St. Leonard

According to unreliable sources, he was a Frank courtier who was converted by St. Remigius, refused the offer of a See from his godfather, King Clovis I, and became a monk at Micy. He lived as a hermit at Limoges and was rewarded by the king with all the land he could ride around on a donkey in a day for his prayers, which were believed to have brought the Queen through a difficult delivery safely. He founded Noblac monastery on the land so granted him, and it grew into the town of Saint-Leonard. He remained there evangelizing the surrounding area until his death. He is invoked by women in labor and by prisoners of war because of the legend that Clovis promised to release every captive Leonard visited. His feast day is November 6.

 

 

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St. Theophane Venard

Even as a youngster this holy French priest dreamed of being a martyr. He went to study for the priesthood. Then he entered a college for missionaries in Paris, France. His family, whom he dearly loved, was greatly saddened to think that after he became a priest, he would leave them. Travel was not what it is today. Theophane realized that the long ocean voyage to the Orient would most probably separate him from his family for the rest of his life.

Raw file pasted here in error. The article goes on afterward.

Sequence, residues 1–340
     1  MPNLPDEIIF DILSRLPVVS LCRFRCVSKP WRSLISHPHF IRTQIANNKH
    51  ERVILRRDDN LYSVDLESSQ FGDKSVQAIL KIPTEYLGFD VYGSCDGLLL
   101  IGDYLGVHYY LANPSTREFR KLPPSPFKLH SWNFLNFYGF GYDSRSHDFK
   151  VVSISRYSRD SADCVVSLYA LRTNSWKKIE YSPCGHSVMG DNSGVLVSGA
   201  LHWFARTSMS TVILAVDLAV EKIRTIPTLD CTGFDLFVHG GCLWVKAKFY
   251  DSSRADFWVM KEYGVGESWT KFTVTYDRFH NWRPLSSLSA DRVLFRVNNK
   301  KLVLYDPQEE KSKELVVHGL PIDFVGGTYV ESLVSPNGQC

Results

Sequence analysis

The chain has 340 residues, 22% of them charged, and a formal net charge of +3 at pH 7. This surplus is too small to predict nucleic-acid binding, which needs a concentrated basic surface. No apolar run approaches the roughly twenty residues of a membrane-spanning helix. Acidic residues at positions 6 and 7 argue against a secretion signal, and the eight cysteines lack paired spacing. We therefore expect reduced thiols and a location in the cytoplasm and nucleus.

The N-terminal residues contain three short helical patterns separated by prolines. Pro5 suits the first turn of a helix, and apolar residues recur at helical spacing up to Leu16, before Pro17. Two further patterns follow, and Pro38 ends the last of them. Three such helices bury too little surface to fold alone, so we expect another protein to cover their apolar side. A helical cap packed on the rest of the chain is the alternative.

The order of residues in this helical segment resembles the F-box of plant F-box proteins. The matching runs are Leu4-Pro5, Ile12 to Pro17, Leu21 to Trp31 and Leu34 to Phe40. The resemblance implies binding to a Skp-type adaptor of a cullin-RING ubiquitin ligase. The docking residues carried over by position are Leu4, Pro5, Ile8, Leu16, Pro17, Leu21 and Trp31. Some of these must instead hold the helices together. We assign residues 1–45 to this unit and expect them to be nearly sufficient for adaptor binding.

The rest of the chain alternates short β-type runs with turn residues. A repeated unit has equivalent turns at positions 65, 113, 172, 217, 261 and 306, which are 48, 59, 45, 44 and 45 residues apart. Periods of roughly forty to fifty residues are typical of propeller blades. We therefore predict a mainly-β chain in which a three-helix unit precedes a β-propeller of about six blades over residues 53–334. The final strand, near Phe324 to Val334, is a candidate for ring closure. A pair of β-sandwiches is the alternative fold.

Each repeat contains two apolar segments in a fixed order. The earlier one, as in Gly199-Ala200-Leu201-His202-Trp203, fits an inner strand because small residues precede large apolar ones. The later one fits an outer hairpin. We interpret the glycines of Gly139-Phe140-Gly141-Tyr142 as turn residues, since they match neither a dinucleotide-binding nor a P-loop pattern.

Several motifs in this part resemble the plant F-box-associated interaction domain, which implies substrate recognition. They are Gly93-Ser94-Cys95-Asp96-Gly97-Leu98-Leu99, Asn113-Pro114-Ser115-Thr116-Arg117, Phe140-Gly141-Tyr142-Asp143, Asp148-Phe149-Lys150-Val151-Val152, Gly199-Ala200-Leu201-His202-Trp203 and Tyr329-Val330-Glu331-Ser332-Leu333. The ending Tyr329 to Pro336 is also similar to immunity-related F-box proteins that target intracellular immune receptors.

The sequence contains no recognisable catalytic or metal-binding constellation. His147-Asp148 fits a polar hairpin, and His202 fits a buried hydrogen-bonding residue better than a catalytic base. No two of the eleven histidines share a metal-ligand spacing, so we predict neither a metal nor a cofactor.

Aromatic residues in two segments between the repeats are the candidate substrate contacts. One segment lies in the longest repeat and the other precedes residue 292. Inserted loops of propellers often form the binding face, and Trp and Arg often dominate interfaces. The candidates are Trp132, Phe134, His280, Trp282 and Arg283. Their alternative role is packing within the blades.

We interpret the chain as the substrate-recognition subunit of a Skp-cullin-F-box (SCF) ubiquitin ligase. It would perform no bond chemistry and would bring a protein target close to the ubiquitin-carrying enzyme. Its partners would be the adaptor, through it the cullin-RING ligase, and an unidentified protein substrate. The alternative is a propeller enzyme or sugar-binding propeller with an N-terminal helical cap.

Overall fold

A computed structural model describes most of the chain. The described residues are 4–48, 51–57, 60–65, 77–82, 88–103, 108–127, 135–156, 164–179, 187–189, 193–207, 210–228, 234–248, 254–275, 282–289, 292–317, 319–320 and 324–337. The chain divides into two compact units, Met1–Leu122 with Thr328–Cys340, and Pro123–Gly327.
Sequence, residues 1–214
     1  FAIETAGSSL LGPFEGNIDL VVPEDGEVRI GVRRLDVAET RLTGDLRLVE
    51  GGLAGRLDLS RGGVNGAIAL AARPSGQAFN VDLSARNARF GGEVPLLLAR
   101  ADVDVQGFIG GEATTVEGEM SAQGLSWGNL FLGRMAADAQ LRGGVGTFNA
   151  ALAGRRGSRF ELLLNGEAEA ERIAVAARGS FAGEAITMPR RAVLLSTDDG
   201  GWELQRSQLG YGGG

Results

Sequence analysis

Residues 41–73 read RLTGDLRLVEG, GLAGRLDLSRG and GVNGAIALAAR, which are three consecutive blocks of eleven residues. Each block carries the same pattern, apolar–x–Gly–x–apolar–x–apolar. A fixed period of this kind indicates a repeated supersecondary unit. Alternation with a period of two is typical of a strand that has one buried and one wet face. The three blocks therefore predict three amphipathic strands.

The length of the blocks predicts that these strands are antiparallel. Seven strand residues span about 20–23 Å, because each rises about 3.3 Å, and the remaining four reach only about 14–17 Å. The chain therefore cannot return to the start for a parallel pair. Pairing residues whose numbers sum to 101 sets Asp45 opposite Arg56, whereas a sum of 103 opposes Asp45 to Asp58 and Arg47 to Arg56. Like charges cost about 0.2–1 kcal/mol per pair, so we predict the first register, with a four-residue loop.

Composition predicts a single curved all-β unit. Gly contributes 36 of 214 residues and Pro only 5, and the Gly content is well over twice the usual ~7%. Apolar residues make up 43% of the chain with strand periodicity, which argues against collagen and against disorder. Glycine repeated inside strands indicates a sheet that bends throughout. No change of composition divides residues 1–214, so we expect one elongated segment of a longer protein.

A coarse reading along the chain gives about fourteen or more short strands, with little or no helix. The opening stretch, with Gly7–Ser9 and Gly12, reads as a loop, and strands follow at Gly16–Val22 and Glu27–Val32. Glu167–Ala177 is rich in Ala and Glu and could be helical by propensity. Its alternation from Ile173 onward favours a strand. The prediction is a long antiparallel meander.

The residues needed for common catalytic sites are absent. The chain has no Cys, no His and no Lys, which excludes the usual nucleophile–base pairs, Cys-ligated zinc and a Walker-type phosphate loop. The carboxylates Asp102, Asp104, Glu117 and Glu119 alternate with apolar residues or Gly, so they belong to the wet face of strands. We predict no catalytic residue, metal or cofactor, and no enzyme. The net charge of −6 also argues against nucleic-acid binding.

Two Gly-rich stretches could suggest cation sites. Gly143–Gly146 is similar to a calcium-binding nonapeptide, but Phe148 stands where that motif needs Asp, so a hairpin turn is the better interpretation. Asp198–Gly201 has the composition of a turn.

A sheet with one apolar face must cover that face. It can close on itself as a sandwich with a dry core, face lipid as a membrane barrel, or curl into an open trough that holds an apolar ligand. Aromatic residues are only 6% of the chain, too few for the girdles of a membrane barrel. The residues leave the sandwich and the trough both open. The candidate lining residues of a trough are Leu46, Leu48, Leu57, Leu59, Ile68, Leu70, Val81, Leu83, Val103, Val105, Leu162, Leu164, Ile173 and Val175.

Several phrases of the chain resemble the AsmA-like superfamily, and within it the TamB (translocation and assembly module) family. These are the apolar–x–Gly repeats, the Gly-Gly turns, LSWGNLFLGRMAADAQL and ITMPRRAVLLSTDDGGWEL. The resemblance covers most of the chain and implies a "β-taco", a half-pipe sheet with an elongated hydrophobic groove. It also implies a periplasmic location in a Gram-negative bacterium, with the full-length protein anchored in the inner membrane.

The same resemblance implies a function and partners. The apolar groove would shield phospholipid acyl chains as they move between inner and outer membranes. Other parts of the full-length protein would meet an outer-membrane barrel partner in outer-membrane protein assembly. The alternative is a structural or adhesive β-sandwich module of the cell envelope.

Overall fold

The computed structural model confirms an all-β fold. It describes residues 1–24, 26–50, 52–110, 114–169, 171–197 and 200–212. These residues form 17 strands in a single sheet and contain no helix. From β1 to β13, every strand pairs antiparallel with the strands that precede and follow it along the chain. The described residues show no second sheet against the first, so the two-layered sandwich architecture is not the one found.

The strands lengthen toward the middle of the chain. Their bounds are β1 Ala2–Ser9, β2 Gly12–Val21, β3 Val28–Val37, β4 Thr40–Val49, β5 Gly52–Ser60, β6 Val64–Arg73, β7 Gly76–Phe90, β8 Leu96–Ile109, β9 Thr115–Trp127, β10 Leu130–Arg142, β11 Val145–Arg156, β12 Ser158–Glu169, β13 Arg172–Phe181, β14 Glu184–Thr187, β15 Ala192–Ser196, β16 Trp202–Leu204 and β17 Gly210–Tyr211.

"My darling sister," he wrote in a letter, "how I cried when I read your letter. Yes, I well knew the sorrow I was going to bring on my family. I think there will be a special sorrow for you, my dear little sister. But don't you think it cost me bloody tears, too? By taking such a step, I knew that I would give all of you great pain. Whoever loved his home more than I do? All my happiness on this earth was centered there. But God, who has united us all in bonds of most tender affection, wanted to draw me from it."